Anchoring Bias. Anchoring bias normally refers to our tendency to use the first piece of information to guide our future decisions – for example, the sticker price of a car is designed to anchor our negotiations to a higher price than the car is worth. Anchoring can also refer to a prominent, often repeated number in a given context. In Warmachine circles, we are often given the information that the “average of two dice is 7”. Many players anchor their expectations heavily on that piece of information. Many a Tilt comes from the fact that we expect the average to occur – we speak about it like it’s “supposed” to happen, rather than it being “slightly more likely to happen than the alternatives”. I can’t count the number of times I, or other players, have said “I’m going for it. On average dice, I kill their caster” and subsequently Tilted when it didn’t go their way.
Gambler’s Fallacy. Relatedly, we have the Gambler’s Fallacy (though it’s not really a fallacy, it’s a bias. But I digress.) Essentially, this bias is the belief that luck “balances out”. If we have an unusually good or bad run of dice, we expect that there will be a similar deviation in the opposite direction in the near future. With dice, this is not the case, as each roll is independent of the others. This comes about from a misinterpretation of the law of large numbers which states, basically, that luck does even out in a big enough sample. A game of warmachine is most certainly not a big enough sample. (Another sidebar: For the next bunch of games I watchmachine, I’m going to count the number of rolls. For Science.) Obviously, we tend not to Tilt when our good luck continues past the point where we expect it, but we do Tilt hard when early bad luck doesn’t turn back in our favour.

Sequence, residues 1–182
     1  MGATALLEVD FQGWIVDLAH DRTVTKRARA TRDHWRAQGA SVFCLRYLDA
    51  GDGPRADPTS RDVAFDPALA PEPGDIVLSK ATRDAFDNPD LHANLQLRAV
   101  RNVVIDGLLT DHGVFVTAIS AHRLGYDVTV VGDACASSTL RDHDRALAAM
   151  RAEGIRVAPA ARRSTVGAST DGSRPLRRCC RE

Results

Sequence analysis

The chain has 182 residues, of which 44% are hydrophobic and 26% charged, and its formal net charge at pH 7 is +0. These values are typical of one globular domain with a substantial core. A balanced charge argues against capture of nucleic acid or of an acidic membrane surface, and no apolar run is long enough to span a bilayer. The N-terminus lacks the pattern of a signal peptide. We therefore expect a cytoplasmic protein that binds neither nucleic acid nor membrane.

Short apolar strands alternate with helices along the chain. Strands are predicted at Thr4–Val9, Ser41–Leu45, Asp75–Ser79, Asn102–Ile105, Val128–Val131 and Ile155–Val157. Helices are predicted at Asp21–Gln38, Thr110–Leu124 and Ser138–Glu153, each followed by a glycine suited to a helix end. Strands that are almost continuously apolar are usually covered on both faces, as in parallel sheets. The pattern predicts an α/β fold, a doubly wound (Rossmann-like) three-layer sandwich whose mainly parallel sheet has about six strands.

Which leads us to Negativity Bias and Attentional Bias. We tend to give more weight to the negative aspects of a situation. Further, attentional biases mean that we tend to focus on more emotionally salient aspects of a situation. Combining the two, we get an unpleasant tendency – when we Tilt, we tend to focus on information that will keep us Tilted. When we’re on Tilt, we focus on how low our damage rolls are, even though our to hit rolls have all been above average (for example). We start to notice, more and more, how underpowered our models are and how completely bent our opponents are. And then you enter The Tilt Spiral (catchier name currently in the works.)
There are a whole lot more cognitive biases out there, and when it comes to anything Psychology related, I could literally go on all day. But there’s plenty more time, and there are always more articles. In the next article in this series, I’m going to talk about how to get out of the Tilt Spiral once it’s got its claws into you.
Good night and good luck,
Anthony a.k.a I_Avian
PS. If there’s any aspect of the “mind game” part of Warmachine you’d like to read about, drop a comment or an email to firstname.lastname@example.org.